Microsoft TrueSpace is free

I started using drawing tools with AutoCad 13 and 3D studio release 4. They were available at the labs at the Art Institute of Pittsburgh, but not for students to work at home. The price was phenominal as well. The alternative was pretty much TrueSpace since it was affordable – which was cool because it worked on Windows. Later, 3D studio also came out for Windows. I’ve always known about Calgari’s TrueSpace and had used it in the past. 3D modeling had long faded from being a hobby over the years after my hard drive was ruined from a trip where my mom transported my computer in the open rain for a few hours. Although I’ve started doing a lot of work in 3D with Second Life, it doesn’t provide anywhere near the power of most stand-alone 3D modeling tools.

Much to my surprise, I discovered that TrueSpace is free. I thought it was maybe an older version that was free, to promote a newer one. Reading the news, they stated that yes, TrueSpace has been free since July of 2008. Where was I all this time? In addition … Microsoft (of all companies) has acquired Calgari (the company that published TrueSpace). In addtion, my little space navigator is supported in TrueSpace with a separate driver download. So now I’m downloading TrueSpace for my 3D modeling hobbies that isn’t as complex as blender or as expensive as 3DS Max or Maya. Still, I need to relearn everything I forgot.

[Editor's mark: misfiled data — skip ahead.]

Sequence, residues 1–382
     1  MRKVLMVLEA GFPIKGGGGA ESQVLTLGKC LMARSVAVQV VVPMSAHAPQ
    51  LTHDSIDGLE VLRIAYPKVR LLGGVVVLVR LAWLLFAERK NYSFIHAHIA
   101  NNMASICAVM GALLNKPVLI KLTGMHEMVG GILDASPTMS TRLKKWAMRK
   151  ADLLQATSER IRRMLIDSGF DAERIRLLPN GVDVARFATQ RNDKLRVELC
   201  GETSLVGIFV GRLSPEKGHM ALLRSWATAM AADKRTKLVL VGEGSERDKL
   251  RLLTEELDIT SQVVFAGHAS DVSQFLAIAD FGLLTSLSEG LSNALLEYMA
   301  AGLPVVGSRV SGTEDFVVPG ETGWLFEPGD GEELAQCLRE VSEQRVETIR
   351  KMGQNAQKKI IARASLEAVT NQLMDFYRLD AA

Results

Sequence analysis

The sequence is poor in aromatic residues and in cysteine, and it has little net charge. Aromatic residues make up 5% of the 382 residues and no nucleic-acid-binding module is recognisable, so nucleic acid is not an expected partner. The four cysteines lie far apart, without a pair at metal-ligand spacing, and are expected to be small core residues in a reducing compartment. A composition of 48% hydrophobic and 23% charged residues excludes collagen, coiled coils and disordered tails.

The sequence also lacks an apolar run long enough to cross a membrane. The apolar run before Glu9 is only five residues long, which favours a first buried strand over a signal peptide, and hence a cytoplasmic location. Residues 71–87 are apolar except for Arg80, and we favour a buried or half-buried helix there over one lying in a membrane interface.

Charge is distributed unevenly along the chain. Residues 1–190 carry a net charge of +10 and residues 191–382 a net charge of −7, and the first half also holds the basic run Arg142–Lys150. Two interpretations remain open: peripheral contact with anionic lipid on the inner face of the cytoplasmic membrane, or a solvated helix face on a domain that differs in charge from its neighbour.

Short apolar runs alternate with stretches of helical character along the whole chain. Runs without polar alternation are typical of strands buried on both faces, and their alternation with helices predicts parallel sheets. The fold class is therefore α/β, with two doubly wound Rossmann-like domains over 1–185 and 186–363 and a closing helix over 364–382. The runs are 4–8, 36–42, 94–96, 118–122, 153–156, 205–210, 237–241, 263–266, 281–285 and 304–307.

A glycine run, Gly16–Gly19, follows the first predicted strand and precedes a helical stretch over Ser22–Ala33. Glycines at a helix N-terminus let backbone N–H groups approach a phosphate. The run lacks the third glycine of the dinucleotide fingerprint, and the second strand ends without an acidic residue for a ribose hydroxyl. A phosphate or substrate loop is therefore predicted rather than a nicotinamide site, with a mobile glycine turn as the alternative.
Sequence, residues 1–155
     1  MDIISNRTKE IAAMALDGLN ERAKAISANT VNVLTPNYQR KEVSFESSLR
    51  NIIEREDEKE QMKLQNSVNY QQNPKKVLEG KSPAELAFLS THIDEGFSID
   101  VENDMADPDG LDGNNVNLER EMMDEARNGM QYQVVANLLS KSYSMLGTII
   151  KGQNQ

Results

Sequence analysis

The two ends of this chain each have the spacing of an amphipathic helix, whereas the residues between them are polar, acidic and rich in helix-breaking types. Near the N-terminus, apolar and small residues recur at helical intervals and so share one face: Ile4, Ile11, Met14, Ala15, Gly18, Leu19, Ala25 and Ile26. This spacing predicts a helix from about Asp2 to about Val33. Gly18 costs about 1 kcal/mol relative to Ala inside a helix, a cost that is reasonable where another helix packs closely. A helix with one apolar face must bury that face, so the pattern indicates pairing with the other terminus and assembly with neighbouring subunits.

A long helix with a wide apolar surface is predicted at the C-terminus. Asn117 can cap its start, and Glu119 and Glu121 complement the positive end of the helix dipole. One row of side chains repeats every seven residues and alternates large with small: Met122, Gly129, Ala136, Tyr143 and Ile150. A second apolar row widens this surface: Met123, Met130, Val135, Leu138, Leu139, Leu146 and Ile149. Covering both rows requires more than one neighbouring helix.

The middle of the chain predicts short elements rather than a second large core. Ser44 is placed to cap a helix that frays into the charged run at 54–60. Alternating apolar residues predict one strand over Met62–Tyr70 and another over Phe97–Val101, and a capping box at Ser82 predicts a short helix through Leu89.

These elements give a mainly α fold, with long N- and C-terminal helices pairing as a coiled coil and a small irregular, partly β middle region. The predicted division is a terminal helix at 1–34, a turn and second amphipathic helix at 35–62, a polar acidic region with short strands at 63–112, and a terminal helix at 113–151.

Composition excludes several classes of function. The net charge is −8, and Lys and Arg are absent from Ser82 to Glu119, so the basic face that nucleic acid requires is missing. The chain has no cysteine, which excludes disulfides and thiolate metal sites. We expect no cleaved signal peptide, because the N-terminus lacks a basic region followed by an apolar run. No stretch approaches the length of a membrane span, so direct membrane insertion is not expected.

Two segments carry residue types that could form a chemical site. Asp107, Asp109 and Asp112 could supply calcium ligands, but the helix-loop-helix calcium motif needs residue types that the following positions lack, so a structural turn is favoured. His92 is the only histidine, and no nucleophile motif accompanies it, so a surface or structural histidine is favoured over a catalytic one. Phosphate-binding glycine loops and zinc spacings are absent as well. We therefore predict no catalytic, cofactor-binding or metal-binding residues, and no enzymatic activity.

So the big questions are:

Why did Microsoft purchase this company/software?

Will the product still be in development and get new features?

Will Microsoft eventually charge for newer versions?

Is Microsoft considering using the truePlay/trueServe to setup a virtual world? (Maybe something to do with virtual/deep earth?)

2 Responses to Microsoft TrueSpace is free

  1. radar says:

    I don’t know, but it looks like this happened in early Feb 2008, and TS 7.6.1 was released in May of 2009, so it looks like Calgari under MS ownership is still developing it.

    I actually looked at this awhile back, but it’s Windows only, and there’s almost nothing that I’ll boot into Windows on a regular basis for. All my tools and software are in OS X, and aside from the inconvenience factor, I just don’t want to support software companies that won’t support the way I work.

  2. Lewis Moten says:

    I did a search in my email and found that Calgari had actually notified me that it was free. Most of my email from them is not read.

    I understand where you are coming from with booting into different OS’s. I have a virtual PC to work with Linux based operating systems from time to time – but since it is not my primary environment, I look for software that does not depend on Linux alone. Actually, most software for Linux is available for Windows anyway.

    Usually I find Torley making recommendations for Mac OS X software, but it’s pointless for me as it usually doesn’t run on Windows, and my Mac is out of the way collecting dust.

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